Fernando Ortega presents Manicure for Siembra, a project with which he seeks to provoke a voluntary synaesthetic response based on color and music. Intervened photographs come from the artist's personal archive, in which he has accumulated still images of the hands of renowned musicians that he has extracted from videos of concerts and piano recitals. For this he draws on the expertise of manicurists, who are colorists by trade, and invites them to respond spontaneously and personally to a piece of music through color. As part of the process, each manicurist listens to a piece of piano music chosen by the artist and then select a nail polish color based on what the music elicits to, and applies it on a photograph of the concert they have just heard.
Feathered Changes, Serpent Disappearances presents an archaeological search for absence and a study in the gaps of memory. What role does chance—in the form of lapsed time, erosion, fragmentation, and human intervention—play in our subjective interpretation of history? By lingering on the unknown histories of artifacts, Deball underscores the effects of natural and social processes within archaeological narratives.
For Siembra, Abraham Cruzvillegas presents three brand new hanging sculptures built with materials that he took from works made throughout his career in museums and galleries around the world. To compose them, Cruzvillegas uses discarded everyday objects and materials found in situ, such as marine sponges, millstones, sheepskin or a mold for piloncillo. These objects that have their own biography and that have witnessed events, experiences and processes of the artist, are now presented in Siembra, gathered under a new configuration.
Gabriel Kuri presents in Siembra his project Statistical Cover Up, a sculptural exercise where a series of objects arranged along the wall occupy the entire length of the space in precise positions, creating a rhythm over an orange carpet. Among them there are objects that were found, manufactured, assembled, some are isolated and others in the immediate presence of variables of their type. These have been altered to a different extent and reveal a greater or lesser degree of specificity and mediation, some more crude and synthetic, others more defined in their function or brand.
Iñaki Bonillas presents Jazz Covers from the J.R. Plaza in Siembra, a series that explores the relationship between photographic language and design in the visual communication of jazz. The care in graphic design, the variety of abstract shapes, the rich color palette, and the authenticity and intimacy of the album covers from the late 1950s and 1960s fascinated Bonillas. Two decades ago, the artist inherited an enormous collection of photographs and personal material from his grandfather José Rodríguez Plaza. Among the documents in this archive is an extensive collection of self-portraits, where body language and image composition make him look like an attractive and charismatic icon or celebrity. Bonillas found resonances between the self-portraits and the photographs on the covers of these jazz albums. For the works he presents, the artist removes the text from the covers and replaced the photographs of the musicians with self-portraits by J.R. Plaza. By eliminating the text from the covers, Bonillas brings to the foreground the different visual elements of the composition and shows the influence of abstract art in their design.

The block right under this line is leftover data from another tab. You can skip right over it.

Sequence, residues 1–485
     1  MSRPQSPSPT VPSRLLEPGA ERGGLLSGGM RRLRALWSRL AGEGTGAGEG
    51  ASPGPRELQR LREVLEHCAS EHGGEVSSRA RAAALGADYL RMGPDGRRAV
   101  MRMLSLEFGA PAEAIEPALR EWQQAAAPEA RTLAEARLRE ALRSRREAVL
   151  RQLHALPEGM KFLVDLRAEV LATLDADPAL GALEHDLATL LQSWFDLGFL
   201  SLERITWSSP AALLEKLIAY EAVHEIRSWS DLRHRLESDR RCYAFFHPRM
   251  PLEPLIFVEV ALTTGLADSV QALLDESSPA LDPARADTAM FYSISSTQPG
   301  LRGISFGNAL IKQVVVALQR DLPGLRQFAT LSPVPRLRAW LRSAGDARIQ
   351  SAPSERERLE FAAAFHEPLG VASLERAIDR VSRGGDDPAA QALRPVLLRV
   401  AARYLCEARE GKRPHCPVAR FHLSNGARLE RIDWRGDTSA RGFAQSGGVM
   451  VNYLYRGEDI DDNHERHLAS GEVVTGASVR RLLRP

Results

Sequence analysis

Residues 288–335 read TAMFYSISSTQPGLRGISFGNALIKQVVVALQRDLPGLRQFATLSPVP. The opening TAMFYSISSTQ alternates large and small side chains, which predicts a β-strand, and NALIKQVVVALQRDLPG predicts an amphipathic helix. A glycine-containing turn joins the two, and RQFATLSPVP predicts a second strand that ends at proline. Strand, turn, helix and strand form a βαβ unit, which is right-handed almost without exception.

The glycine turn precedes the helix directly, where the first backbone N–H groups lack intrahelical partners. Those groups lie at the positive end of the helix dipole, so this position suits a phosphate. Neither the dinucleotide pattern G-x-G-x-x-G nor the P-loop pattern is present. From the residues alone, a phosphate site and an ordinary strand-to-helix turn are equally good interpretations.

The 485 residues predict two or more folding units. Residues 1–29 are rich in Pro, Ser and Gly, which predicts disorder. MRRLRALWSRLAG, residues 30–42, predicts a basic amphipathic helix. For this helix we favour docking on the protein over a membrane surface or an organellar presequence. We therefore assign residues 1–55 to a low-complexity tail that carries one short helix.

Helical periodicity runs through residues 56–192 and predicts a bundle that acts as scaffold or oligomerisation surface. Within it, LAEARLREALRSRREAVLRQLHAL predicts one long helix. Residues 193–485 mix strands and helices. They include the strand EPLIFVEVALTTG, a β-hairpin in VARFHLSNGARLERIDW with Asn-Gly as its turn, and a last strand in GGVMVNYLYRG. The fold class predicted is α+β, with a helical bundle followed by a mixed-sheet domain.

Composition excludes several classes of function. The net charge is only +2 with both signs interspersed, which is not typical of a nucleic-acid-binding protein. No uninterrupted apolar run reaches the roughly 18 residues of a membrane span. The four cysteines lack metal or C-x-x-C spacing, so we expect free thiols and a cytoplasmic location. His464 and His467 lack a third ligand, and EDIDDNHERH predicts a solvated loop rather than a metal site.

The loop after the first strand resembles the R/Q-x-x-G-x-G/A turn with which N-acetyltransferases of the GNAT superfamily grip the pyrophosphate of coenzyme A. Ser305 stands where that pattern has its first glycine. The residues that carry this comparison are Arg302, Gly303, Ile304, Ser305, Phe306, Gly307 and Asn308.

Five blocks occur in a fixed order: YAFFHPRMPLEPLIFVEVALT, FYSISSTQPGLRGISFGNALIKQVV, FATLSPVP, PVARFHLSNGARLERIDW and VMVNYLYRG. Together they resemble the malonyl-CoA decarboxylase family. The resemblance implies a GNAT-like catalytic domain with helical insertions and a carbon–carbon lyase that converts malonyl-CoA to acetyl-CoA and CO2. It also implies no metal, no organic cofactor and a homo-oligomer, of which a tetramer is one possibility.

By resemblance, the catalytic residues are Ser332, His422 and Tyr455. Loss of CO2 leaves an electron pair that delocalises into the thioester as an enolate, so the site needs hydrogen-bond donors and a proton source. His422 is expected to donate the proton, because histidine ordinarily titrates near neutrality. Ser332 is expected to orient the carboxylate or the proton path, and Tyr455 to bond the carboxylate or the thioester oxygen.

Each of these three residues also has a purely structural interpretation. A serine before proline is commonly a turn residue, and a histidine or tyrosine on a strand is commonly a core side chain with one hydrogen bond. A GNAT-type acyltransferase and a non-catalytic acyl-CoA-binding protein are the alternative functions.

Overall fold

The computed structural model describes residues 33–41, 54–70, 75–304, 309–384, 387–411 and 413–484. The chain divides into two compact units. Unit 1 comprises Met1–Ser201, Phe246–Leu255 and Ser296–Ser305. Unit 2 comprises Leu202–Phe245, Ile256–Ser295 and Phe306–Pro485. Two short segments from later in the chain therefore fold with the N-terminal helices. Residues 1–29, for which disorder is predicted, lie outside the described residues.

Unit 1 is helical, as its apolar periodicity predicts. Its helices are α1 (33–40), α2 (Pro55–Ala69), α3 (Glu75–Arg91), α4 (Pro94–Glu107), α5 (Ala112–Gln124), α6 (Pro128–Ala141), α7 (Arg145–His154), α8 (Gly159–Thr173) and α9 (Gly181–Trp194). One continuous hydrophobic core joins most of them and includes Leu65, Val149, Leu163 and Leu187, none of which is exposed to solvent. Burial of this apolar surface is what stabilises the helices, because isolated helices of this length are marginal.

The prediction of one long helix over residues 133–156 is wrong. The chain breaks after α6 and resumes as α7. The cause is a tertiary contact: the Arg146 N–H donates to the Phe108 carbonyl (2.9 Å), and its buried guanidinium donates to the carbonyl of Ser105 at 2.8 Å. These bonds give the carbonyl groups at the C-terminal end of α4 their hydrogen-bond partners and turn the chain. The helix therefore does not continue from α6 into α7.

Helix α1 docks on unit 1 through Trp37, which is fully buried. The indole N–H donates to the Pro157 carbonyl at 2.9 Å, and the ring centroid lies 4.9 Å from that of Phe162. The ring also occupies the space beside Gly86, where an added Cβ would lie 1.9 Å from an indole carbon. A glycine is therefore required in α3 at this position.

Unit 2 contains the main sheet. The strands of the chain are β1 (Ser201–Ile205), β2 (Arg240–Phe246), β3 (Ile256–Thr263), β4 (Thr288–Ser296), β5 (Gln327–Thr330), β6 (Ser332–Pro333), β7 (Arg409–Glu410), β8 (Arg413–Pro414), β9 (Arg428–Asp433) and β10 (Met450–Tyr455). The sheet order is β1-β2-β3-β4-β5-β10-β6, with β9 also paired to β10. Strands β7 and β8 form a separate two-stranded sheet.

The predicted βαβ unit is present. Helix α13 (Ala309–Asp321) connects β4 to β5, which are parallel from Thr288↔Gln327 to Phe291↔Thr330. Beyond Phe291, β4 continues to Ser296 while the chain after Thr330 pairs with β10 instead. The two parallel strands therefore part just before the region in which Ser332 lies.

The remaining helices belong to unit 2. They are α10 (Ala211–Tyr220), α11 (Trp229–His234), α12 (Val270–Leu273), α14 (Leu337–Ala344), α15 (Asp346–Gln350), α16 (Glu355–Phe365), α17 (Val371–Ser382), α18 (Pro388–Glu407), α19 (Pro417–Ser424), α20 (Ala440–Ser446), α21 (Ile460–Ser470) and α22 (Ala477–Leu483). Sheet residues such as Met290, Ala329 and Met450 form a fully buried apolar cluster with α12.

Alicia Ayanegui presents Shadow in my memory in Siembra, a pictorial series that investigates the darkness of the nocturnal twilight in which everyday objects and places seem to disappear due to the lack of light. The pieces evoke darkness as a metaphor of the memory in a misty and ephemeral appearance in which a figuration and abstraction coexist, built from a gestural stroke and synthetic drawing of the forms. In the dark, the shapes of objects fade, their outlines are fuzzy, the colors dim almost completely, and it seems that a layer of linear gray covers everything in its path. Ayanegui seeks to recreate this appearance pictorially and elaborates a study of the nuances that exist in the darkness of the night.
kurimanzutto presents a selection of drawings made by Jimmie Durham between 1989 and 2020 in Siembra. Enigmatic and apparently innocent or accidental, they move away from the illustrative intention of drawing as a medium in favor of a poetic exploration of drawing as a way of writing, or of writing as a drawing act, as well as the relationship between forms and concepts. The set of drawings encompass different types of gestures or operations on paper: interventions on old record sheets, texts that become scribbles, traces of objects covered in graphite thrown against a paper, abstractions on found documents, or unruly lines that pulse along a rulebook sheet for training engineering purposes. The found papers that he uses emanate temporal thickness and store stories, traces, memories or information that depend on their material support to continue existing in the world.
For his second exhibition in Siembra, Dr. Lakra presents a series of collages on lithographs made from 19th century print, which originate from encyclopaedic publications in his collection that portray famous historical figures. Personalities such as Descartes, Plato, Copernicus and Isaac Newton appear sliced, combined and layered with a repertoire of graphic elements from various branches of science: anatomical, zoological and botanical illustrations from natural history publications.
The practice of Heather Guertin is grounded in painting but has included performance, writing and humor, all of which engage in the relationship between observation and imaginative expression. On the other hand, the work of Leonel Salguero is concerned with the tension and erosion between the ordinary and the unexpected, as well as the life of everyday objects.
On the morning of Sunday November 2nd 1975, the lifeless body of the poet, writer and filmmaker Pier Paolo Pasolini was found. The day before, Pasolini had given an interview to Furio Colombo. This interview took place on Saturday, November 1st between four and six in the afternoon, a few hours before Pasolini was murdered.